Document Type: Case report
Department of Nuclear Medicine and PET, Monash Health, Moorabbin Hospital PET Centre, Bentleigh, Victoria, Australia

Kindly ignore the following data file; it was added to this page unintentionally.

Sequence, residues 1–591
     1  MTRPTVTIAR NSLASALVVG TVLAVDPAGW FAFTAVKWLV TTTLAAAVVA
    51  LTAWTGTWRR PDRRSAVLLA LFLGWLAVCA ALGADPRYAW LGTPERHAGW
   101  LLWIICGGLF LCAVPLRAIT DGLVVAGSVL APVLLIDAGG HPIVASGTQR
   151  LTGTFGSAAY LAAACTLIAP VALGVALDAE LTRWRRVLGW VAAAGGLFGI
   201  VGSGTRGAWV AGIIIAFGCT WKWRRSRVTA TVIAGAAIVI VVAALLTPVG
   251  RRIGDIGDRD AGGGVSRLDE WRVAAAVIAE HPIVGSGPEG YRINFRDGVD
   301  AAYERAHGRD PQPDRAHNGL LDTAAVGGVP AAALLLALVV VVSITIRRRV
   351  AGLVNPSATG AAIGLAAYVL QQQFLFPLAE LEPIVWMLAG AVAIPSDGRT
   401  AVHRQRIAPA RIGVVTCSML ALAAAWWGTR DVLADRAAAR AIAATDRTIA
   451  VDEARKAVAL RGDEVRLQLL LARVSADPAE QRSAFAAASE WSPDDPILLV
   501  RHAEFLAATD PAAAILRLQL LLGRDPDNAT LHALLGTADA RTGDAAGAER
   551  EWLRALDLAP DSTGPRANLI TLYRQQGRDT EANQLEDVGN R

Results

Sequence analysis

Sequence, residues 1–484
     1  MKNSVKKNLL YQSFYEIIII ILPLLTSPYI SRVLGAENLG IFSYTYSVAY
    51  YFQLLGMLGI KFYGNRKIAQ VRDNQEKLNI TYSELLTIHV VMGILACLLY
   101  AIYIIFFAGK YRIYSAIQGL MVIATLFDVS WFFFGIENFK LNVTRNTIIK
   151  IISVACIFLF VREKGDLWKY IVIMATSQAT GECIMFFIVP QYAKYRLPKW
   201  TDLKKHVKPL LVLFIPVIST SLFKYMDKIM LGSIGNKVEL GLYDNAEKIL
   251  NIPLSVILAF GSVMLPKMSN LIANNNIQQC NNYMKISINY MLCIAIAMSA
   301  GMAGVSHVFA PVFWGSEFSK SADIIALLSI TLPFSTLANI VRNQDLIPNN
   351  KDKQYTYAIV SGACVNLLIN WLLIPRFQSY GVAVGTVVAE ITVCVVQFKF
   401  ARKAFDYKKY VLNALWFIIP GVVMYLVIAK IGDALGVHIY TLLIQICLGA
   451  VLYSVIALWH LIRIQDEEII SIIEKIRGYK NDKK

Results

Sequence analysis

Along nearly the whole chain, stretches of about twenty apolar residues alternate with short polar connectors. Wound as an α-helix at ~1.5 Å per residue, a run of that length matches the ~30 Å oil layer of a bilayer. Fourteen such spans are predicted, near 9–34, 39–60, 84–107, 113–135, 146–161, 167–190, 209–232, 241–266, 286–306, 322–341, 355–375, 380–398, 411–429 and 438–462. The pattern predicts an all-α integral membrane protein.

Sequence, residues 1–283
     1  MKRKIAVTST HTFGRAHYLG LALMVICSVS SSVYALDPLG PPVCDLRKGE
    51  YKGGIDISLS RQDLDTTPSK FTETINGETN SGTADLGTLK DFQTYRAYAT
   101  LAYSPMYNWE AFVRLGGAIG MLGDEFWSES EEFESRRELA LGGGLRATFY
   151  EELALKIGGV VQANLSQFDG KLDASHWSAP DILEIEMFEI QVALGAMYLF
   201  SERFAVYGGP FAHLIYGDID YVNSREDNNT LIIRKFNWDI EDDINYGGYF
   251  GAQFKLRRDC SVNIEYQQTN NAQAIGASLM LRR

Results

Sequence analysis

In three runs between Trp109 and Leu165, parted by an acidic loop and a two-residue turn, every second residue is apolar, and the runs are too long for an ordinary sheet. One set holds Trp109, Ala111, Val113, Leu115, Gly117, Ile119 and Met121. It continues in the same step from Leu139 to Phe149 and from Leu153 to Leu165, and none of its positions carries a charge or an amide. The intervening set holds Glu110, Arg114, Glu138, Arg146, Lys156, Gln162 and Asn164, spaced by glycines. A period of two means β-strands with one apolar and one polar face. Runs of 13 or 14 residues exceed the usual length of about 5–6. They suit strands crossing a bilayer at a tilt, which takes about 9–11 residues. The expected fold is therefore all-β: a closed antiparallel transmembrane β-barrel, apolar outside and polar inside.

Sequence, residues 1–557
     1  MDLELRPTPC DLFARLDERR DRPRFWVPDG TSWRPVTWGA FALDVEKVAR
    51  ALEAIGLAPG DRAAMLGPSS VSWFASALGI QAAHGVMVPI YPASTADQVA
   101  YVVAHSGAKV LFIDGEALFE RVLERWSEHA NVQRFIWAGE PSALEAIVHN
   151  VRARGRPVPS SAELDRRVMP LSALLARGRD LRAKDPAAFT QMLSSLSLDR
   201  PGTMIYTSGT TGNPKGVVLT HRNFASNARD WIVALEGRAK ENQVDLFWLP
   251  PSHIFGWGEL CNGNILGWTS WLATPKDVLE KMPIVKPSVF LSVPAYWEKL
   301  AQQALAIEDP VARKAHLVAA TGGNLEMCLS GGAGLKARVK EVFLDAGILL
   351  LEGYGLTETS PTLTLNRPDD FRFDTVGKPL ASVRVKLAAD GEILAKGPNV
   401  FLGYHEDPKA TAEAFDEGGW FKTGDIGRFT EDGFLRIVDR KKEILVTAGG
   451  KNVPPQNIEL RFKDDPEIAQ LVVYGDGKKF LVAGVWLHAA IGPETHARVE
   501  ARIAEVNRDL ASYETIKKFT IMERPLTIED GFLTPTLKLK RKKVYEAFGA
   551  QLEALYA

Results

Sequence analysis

18F-FDG is the most commonly used radioisotope in PET scanning and is administered intravenously. When patients cannot cannulated, there are limited options available for functional tumour assessment. A fifty year old male presented for investigation of a suspected lung carcinoma identified during investigation of pneumonia. The patient had a severe needle phobia, intellectual disabilities and multiple co-morbidities which made cannulation impossible. An alternative administration method was sought, with successful oral administration occurring in both staging and restaging scans. The scans demonstrated resolution of a suspected lung cancer indicating it was an inflammatory/infective process, preventing the need for more invasive investigative approaches. A non-invasive and positive experience allowed for accurate diagnosis and repeat imaging for this patient, enabling follow up imaging to occur. It is reported that oral administration of 18F-FDG may be useful for assessment of suspected cancers for patients where cannulation isn’t possible, when limitations are taken into consideration.